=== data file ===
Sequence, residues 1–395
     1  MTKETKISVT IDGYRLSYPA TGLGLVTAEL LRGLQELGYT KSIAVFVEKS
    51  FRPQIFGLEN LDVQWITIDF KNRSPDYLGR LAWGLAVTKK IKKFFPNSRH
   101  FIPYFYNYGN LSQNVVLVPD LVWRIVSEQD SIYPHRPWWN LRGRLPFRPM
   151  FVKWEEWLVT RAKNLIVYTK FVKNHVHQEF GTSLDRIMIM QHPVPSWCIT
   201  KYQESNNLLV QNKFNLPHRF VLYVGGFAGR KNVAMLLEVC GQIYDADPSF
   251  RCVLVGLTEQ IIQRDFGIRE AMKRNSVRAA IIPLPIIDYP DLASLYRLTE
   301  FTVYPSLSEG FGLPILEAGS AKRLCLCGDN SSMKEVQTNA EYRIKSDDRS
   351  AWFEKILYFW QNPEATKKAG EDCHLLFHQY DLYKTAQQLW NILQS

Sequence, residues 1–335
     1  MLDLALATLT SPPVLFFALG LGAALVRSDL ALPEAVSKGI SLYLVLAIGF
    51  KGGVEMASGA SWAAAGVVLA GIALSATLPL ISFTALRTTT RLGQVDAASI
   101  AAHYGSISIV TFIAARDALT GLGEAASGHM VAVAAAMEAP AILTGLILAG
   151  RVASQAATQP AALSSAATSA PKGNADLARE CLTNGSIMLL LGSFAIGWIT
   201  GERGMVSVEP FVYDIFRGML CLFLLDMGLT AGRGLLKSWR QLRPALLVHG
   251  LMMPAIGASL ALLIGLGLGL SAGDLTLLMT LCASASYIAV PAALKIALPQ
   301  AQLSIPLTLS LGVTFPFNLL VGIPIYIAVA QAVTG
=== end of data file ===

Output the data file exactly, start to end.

Sequence, residues 1–395
     1  MTKETKISVT IDGYRLSYPA TGLGLVTAEL LRGLQELGYT KSIAVFVEKS
    51  FRPQIFGLEN LDVQWITIDF KNRSPDYLGR LAWGLAVTKK IKKFFPNSRH
   101  FIPYFYNYGN LSQNVVLVPD LVWRIVSEQD SIYPHRPWWN LRGRLPFRPM
   151  FVKWEEWLVT RAKNLIVYTK FVKNHVHQEF GTSLDRIMIM QHPVPSWCIT
   201  KYQESNNLLV QNKFNLPHRF VLYVGGFAGR KNVAMLLEVC GQIYDADPSF
   251  RCVLVGLTEQ IIQRDFGIRE AMKRNSVRAA IIPLPIIDYP DLASLYRLTE
   301  FTVYPSLSEG FGLPILEAGS AKRLCLCGDN SSMKEVQTNA EYRIKSDDRS
   351  AWFEKILYFW QNPEATKKAG EDCHLLFHQY DLYKTAQQLW NILQS

Sequence, residues 1–335
     1  MLDLALATLT SPPVLFFALG LGAALVRSDL ALPEAVSKGI SLYLVLAIGF
    51  KGGVEMASGA SWAAAGVVLA GIALSATLPL ISFTALRTTT RLGQVDAASI
   101  AAHYGSISIV TFIAARDALT GLGEAASGHM VAVAAAMEAP AILTGLILAG
   151  RVASQAATQP AALSSAATSA PKGNADLARE CLTNGSIMLL LGSFAIGWIT
   201  GERGMVSVEP FVYDIFRGML CLFLLDMGLT AGRGLLKSWR QLRPALLVHG
   251  LMMPAIGASL ALLIGLGLGL SAGDLTLLMT LCASASYIAV PAALKIALPQ
   301  AQLSIPLTLS LGVTFPFNLL VGIPIYIAVA QAVTG